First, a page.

Wendel Adkins, Free Spirit, Dec 1982
Woodville Halls, Gravesend
When the word 'superstar' is bandied about for an almost 'unknown' performer, it renders the word meaningless. There are only a handful of superstars in country music, and Wendel Adkins is not one of them. He is a good third division singer and performer whose basic fault stems from his too obvious adulation of Waylon Jennings. But if you're out to emulate a hero, Waylon is one of the best to choose.
Wendel plundered the outlaw's repertoire as if there was no tomorrow, and for most people I guess it was the closest they'll ever get to seeing Waylon himself. Having criticised Wendel for copying Waylon, I must stress that he turned out to be a most impressive and exciting performer. His act was totally contemporary, and when not going to town on Waylon tunes like Shine, Good Hearted Woman and Bob Wills Is Still King, he also turned his attention to the songs of Ed Bruce, Willie Nelson and Rodney Crowell. He turned in a superb performance of Rodney's Song For The Life, but he was at his best on his own material, and Well Kept Woman, a powerful ballad, was the highlight of his act.
Free Spirit, now a four-piece country-rock group with music that lives up to its name, ran through two excellent sets as well as providing Wendel with just the right backing. Unfortunately their music covered the same ground as the star, so it was a complete evening of outlaw country. They did a magnificent job on Tony Joe White's Billy, and though the band's own material is uneven, if they move beyond their sources there's little doubt that Free Spirit could begin to cover some interesting ground. They still have a way to go as showmen, but as musicians Free Spirit have few peers on the British scene.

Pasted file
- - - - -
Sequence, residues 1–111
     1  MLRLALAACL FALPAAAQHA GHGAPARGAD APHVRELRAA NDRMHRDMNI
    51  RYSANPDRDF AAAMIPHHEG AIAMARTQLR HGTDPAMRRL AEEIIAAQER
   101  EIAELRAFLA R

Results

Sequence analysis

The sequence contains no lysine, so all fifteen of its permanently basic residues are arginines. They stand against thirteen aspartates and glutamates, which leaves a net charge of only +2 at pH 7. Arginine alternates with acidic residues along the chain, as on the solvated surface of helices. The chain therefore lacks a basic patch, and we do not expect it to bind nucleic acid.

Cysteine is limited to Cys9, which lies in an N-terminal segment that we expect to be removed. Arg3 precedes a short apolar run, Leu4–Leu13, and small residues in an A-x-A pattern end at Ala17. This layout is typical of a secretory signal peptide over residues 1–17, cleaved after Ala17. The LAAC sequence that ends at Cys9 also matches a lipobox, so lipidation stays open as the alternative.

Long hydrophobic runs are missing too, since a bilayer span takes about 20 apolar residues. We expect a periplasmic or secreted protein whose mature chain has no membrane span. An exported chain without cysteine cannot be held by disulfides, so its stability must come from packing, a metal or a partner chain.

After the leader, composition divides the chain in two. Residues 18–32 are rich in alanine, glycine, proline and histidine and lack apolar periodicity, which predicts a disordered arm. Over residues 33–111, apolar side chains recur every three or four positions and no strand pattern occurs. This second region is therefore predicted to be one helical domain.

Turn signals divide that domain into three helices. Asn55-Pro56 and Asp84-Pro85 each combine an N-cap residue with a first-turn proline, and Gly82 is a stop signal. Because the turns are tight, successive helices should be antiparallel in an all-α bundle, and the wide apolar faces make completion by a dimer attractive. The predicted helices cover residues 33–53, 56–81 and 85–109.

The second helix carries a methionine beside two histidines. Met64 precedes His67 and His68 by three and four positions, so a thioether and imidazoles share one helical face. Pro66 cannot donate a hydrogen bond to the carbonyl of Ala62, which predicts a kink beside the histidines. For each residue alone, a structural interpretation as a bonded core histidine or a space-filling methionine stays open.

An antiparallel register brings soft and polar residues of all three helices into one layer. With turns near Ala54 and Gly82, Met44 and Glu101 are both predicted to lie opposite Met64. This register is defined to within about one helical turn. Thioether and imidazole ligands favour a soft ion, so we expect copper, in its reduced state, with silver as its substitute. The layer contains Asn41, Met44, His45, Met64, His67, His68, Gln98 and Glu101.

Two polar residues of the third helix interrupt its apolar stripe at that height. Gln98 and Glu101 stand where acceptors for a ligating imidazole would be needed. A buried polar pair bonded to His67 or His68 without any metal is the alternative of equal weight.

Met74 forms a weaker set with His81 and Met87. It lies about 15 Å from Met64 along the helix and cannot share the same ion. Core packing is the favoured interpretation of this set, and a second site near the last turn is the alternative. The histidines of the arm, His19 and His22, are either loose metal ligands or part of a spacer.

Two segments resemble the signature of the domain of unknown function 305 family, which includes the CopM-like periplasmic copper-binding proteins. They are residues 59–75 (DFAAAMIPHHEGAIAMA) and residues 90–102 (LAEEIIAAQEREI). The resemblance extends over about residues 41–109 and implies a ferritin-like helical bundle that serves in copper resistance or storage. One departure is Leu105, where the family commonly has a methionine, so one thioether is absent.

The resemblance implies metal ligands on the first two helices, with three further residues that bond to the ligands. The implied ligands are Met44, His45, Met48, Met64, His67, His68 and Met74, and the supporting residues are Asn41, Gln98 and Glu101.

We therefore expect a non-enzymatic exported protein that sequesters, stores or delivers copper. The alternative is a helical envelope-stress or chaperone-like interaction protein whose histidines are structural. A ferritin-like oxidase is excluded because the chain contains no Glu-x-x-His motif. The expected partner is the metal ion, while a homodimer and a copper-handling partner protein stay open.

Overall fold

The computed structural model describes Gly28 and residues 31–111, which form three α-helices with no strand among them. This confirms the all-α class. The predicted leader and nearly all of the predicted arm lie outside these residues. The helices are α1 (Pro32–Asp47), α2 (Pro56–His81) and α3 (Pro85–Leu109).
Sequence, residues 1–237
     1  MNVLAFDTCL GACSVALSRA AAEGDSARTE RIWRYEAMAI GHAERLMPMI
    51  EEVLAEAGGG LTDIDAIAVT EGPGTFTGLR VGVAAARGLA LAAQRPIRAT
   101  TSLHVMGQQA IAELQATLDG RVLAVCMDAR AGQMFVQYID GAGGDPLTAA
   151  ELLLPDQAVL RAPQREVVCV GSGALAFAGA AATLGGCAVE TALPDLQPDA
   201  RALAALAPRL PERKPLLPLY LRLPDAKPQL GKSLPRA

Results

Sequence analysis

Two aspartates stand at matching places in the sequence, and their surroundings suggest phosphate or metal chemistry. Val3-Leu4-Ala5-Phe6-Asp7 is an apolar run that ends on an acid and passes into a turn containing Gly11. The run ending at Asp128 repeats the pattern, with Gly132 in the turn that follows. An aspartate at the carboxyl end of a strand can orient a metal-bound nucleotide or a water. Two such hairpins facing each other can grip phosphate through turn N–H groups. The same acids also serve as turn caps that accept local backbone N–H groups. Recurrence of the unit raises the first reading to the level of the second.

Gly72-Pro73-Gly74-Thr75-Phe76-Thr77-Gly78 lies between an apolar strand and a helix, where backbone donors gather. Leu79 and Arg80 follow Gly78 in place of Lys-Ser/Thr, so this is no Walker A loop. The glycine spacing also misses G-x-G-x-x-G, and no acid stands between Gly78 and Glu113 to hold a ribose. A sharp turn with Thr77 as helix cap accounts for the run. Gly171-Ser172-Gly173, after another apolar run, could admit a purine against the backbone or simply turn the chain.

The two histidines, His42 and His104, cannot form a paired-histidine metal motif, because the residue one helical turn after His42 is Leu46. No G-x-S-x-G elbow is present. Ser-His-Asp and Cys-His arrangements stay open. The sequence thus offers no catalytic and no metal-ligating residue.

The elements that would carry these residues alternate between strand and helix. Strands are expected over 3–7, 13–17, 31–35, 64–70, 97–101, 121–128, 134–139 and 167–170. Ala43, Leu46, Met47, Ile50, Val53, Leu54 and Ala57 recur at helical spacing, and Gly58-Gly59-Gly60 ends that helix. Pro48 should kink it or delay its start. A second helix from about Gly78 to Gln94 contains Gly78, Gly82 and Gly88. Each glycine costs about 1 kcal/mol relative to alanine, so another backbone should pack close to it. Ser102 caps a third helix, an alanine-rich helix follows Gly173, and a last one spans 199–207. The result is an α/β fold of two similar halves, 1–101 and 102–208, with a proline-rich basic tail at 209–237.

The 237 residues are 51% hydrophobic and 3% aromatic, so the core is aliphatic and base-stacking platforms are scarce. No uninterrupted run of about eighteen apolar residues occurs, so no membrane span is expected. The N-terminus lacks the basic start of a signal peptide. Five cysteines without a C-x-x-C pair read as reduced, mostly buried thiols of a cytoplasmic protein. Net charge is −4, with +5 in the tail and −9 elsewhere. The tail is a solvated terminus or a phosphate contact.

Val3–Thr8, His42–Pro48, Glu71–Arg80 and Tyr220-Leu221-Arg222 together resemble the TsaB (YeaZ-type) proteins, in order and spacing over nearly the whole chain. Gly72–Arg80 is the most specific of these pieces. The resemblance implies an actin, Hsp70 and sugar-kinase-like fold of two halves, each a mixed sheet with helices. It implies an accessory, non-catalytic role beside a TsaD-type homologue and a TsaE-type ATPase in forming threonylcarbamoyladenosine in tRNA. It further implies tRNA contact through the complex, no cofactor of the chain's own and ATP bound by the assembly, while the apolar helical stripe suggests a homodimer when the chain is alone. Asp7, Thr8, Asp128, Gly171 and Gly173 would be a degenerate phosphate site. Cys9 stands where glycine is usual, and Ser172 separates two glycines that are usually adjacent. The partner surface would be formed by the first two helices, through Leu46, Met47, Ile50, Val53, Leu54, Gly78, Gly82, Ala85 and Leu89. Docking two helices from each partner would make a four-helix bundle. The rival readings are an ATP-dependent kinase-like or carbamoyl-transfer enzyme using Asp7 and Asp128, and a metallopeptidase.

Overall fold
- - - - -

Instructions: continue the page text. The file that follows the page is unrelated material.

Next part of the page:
What this show did prove is that there is an audience out there for contemporary outlaw country music, and though I would have considered much of the material present as being 'little known' to the average British country fan, it was welcomed with cheers and hollers that conjured up visions of a Texas honky-tonk. But in the end, when considering the music that was presented, it turned out to be the difference between Stork and butter, and I'd take the real thing any time: so when are you coming over, Waylon!
First published in Country Music People, December 1982